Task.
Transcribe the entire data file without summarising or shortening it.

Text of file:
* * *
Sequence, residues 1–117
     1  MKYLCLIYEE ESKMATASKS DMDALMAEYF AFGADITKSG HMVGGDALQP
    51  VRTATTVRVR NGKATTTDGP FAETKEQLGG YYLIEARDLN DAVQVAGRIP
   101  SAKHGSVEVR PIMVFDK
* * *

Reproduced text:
Sequence, residues 1–117
     1  MKYLCLIYEE ESKMATASKS DMDALMAEYF AFGADITKSG HMVGGDALQP
    51  VRTATTVRVR NGKATTTDGP FAETKEQLGG YYLIEARDLN DAVQVAGRIP
   101  SAKHGSVEVR PIMVFDK